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"Nude" scene forces Microsoft to delay Halo 2

Microsoft on Friday revealed that it has delayed release of Halo 2 for Vista in the U.S. due to the appearance of partial nudity in some of the game's content. Just two days back, the software giant had reported that the highly anticipated title, Halo 2 for Windows Vista would be delayed until May 31st, the second delay for the title in only one month.

Microsoft initially was silent about the reasons behind the second delay, but a Microsoft spokesperson yesterday revealed that brief glimpse of partial nudity is the reason behind this latest delay, as the company scatters to make sure that the correct ESRB label is affixed to the game.

Redmond giant has already released an optional patch to remove the problematic content. Originally scheduled to release on Tuesday, May 22, the eagerly awaited Halo 2 for Windows Vista has been delayed to the 31st so retailers can slap stickers on already-in-hand copies.

"It has come to our attention that an unfortunate, obscure content error which includes partial nudity was included in our initial production of “Halo 2” for Windows Vista," Microsoft told Next-Gen.biz. “As such, we have updated the initial game packaging at retailers with a label, so customers are aware before purchasing the game. Additionally, we’ve developed an online update which can be downloaded from www.halo2.com to remove the content.”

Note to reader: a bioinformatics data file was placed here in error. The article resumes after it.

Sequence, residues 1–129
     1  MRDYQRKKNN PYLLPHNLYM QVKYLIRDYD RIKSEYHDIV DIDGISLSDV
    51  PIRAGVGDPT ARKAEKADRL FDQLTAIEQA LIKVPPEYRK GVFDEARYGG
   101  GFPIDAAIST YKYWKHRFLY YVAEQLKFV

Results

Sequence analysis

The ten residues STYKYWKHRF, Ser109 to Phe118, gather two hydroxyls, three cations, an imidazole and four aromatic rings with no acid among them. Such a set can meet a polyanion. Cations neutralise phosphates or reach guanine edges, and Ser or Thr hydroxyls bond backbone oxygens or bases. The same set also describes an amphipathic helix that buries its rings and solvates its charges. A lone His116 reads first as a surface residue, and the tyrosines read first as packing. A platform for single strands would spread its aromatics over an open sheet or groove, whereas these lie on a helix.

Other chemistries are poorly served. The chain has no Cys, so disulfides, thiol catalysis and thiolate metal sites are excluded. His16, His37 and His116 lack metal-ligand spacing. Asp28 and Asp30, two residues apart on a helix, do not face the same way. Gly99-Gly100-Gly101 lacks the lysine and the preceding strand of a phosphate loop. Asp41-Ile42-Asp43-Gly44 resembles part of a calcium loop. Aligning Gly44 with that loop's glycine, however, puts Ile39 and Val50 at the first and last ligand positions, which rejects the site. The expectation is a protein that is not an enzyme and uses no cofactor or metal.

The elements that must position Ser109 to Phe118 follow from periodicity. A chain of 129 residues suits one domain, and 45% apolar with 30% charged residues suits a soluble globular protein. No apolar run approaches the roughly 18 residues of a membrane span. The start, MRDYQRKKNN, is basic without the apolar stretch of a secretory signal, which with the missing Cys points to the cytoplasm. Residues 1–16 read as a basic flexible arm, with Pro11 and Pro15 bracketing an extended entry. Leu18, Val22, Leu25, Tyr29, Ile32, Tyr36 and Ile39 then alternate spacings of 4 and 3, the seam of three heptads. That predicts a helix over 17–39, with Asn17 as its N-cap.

“At Microsoft we take the Entertainment Software Ratings Board (ESRB) guidelines very seriously and hold ourselves to high standards, with our customers always in mind."

The Entertainment Software Rating Board (ESRB) also issued a statement, saying Microsoft has notified ESRB about pertinent content found in a map editor tool that is being bundled with the game.

The content in question displays a picture of a game character showing his bare backside to the user when a particular error occurs, and thus warrants a 'Partial Nudity' content descriptor in order to alert consumers to its presence in the product, ESRB said.

The nudity in Halo 2, which is likely to be inaccessible to the vast majority of users, was reported to the ESRB just after the M (Mature 17+) rating assignment was issued for the Vista version, and just prior to the shipment of the game to retail.

Microsoft then urged the board to issue stickers with correct ESRB rating information to the packaging of virtually all copies that will ship to retail in the U.S. and Canada.

"ESRB's job is to ensure that games are appropriately labeled, and that is precisely what we did in this case. We greatly appreciate Microsoft's cooperation in this matter."

Halo 2, the sequel to Halo: Combat Evolved, brings Master Chief to Windows Vista and is the first title to incorporate the new Games for Windows—LIVE service. It allows Windows Vista gamers to play the critically acclaimed Halo phenomenon against others for the first time. Gamers will be able to challenge each other in PC-to-PC multiplayer matches and score achievements for the first time in the “Halo” franchise, as well as communicate via voice or text with other Games for Windows — LIVE or Xbox LIVE members.

Halo 2 for Windows Vista, which is a first person action shooter that takes place in the same science fiction universe as Halo, will be playable with mouse and keyboard or the Xbox 360 Controller for Windows.

The visually enhanced classic includes an all-new Map Editor, which will allow for new content and greater game customization. The game also features an expanded range of vehicles as well as other gameplay changes to its predecessor.

In addition, Halo 2 for Windows Vista will feature more than fourteen human and alien weapons with players allowed to carry two weapons at a time, each weapon having advantages and disadvantages in different combat situations.